Tapping into Sudbury’s nickel knowledge

Described by Straub as the first planned facility in Canada to pair nickel sulphate and pCAM production, the battery materials facility’s price tag is estimated between $800 million and $900 million. The size of the facility will be determined as part of a scoping study.

There, up to 50,000 tonnes of nickel sulphate and pCAM, which would be enough to produce over 800,000 EVs per year, will be produced at the Sudbury plant, according to current plans, using raw materials from Eagle’s Nest and other sources. The scoping study will aim to narrow down those locations.

Such production capacity meets 50 per cent of the nickel demand from Ontario's announced EV investments, Straub said in a release.

Sudbury, a city famed for its history of nickel mining, was chosen because of its populace’s knowledge and skills.

“There are not many places in the world where nickel is produced and where the expertise for nickel production lies,” Straub said.

The city hosts nickel producers Glencore and Vale Canada, has a “large, well-developed workforce” and maintains relevant educational and research institutions, he added.

Straub also notes the billions of dollars in tax credits for EV battery manufacturing being spent in Ontario that will require a secure supply of metals.

No customer has been secured yet, but Wyloo expects the gap to be filled quickly by North American battery companies because most do not have sufficient nickel supply. Ninety per cent of companies’ production today does not have supply assigned in North America, Straub said.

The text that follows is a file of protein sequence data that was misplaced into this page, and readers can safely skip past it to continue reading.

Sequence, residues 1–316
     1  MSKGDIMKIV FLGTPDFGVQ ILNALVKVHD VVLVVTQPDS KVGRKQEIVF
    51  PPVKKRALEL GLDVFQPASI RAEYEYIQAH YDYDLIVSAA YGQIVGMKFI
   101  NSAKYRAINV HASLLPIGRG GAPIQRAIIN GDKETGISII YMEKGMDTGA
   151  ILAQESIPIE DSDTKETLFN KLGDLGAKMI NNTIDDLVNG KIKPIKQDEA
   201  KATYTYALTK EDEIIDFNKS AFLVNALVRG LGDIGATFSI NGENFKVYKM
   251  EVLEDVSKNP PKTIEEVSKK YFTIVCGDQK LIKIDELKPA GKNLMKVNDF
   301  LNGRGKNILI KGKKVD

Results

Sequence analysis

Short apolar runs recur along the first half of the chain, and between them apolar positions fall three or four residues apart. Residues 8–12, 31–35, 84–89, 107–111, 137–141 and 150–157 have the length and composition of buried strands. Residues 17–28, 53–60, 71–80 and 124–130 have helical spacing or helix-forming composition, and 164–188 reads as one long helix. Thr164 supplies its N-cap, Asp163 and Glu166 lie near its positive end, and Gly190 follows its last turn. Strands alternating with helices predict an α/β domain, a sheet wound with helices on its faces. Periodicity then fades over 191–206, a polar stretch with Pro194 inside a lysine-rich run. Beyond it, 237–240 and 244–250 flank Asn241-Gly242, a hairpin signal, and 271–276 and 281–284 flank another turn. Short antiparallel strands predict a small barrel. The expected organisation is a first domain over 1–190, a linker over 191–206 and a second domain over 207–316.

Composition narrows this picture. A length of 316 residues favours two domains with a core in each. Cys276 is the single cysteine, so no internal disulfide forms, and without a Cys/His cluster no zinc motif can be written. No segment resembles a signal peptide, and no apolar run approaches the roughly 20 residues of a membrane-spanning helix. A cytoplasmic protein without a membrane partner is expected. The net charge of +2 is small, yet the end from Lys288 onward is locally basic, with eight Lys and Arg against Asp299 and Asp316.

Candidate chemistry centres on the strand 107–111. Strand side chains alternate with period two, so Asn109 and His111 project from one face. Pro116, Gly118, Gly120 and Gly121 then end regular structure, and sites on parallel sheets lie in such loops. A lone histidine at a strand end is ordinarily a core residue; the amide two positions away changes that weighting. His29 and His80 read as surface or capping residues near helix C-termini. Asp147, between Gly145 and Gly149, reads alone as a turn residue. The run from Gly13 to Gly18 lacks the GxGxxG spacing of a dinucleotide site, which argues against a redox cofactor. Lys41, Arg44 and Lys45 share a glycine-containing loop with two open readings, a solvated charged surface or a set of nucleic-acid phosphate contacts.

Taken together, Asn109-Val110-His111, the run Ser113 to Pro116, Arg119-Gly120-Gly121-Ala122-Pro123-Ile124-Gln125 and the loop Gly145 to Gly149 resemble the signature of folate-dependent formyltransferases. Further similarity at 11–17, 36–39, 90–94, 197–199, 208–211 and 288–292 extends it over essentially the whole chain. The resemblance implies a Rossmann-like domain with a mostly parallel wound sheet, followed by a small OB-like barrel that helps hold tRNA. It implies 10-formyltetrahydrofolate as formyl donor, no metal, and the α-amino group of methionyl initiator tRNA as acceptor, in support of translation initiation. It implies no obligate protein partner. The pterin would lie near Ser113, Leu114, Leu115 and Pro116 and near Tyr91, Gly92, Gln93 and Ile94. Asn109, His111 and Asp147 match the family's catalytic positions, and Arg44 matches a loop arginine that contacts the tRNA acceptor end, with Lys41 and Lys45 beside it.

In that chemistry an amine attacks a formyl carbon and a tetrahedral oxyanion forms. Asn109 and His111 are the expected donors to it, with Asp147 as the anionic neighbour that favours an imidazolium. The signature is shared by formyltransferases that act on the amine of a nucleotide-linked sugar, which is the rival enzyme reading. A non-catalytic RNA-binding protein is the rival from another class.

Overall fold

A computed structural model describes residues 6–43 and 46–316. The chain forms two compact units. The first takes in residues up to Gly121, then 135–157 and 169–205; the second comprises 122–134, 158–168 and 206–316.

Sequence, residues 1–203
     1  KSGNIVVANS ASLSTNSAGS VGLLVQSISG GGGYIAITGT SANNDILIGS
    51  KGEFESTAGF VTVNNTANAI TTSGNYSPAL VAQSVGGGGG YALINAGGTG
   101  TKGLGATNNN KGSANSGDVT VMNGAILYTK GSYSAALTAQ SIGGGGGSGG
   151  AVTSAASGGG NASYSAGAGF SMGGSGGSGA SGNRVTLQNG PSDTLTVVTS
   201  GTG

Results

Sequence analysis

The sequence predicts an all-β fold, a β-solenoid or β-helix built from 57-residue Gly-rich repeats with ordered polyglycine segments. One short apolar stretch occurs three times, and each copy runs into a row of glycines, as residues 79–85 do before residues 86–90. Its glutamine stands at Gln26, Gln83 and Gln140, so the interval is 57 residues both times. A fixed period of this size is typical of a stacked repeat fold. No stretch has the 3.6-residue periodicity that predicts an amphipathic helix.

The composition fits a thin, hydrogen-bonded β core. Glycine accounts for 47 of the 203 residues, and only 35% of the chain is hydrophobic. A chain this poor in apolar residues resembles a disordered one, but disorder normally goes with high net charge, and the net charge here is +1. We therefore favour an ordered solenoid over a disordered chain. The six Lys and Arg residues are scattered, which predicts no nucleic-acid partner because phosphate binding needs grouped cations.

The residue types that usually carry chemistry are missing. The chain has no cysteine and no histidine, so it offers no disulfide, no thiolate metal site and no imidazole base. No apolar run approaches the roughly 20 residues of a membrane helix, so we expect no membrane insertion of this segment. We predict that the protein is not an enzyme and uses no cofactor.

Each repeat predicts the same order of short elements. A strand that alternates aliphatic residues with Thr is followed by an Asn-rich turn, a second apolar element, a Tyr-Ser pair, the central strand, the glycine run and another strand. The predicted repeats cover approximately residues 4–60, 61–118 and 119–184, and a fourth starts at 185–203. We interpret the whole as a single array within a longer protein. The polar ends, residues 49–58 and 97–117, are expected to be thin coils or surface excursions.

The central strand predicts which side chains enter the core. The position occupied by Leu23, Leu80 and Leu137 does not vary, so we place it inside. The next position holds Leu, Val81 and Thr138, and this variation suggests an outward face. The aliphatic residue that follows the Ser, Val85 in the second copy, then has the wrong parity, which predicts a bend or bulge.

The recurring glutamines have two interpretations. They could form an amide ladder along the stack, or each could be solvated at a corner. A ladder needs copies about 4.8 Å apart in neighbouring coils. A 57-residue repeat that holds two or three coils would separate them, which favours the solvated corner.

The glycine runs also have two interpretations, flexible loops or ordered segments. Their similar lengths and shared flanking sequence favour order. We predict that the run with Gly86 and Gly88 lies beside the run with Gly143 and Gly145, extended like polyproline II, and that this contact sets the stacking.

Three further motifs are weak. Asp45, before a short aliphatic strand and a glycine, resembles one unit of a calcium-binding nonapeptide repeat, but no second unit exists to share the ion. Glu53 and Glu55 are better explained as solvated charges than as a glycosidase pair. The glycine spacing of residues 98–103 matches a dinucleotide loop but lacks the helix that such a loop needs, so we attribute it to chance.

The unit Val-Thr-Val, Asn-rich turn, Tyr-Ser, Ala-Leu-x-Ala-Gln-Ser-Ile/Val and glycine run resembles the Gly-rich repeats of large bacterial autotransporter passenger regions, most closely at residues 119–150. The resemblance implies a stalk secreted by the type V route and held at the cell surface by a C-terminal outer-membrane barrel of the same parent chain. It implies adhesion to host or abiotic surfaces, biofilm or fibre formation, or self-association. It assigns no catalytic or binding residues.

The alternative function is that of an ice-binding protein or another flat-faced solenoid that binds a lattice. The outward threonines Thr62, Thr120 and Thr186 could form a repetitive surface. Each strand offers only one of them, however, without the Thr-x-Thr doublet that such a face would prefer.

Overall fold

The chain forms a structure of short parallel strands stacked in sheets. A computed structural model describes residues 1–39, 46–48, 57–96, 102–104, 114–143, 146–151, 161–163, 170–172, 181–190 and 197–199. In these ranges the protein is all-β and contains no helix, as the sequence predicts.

The next step for Wyloo is environmental assessments with local First Nations for Eagle’s Nest’s roads. If permission is granted, then Wyloo will prepare to construct assets at Eagle’s Nest and engage with the First Nations on details such as benefits agreements and permitting.

About Wyloo

Wyloo is owned by Australian private equity company Tattarang, a firm owned by billionaires Andrew and Nicola Forrest.

Tattarang has made a series of investments and acquisitions into clean energy, including renewable energy company Squadron.

Sustainable mining is Wyloo’s focus, from its efforts to reduce its carbon emissions from mines, manage water and prioritizing metals such as nickel that play a part in decarbonizing transportation.

Its projects include two nickel mines in the western Australian town of Kambalda, an integrated battery materials facility that will produce pCAM in Kwinana, Western Australia, and its Blackbird chromite deposit that is less than one kilometre away from Eagle’s Nest.

Editor's note: Wyloo was erroneously referred to as Wyloo Metals. The First Nations involved in the environmental assessment and management are the Marten Falls and Webequie First Nations, not the Atikameksheng Anishnawbek and Wahnapitae First Nations. Sustainable Biz Canada regrets the errors.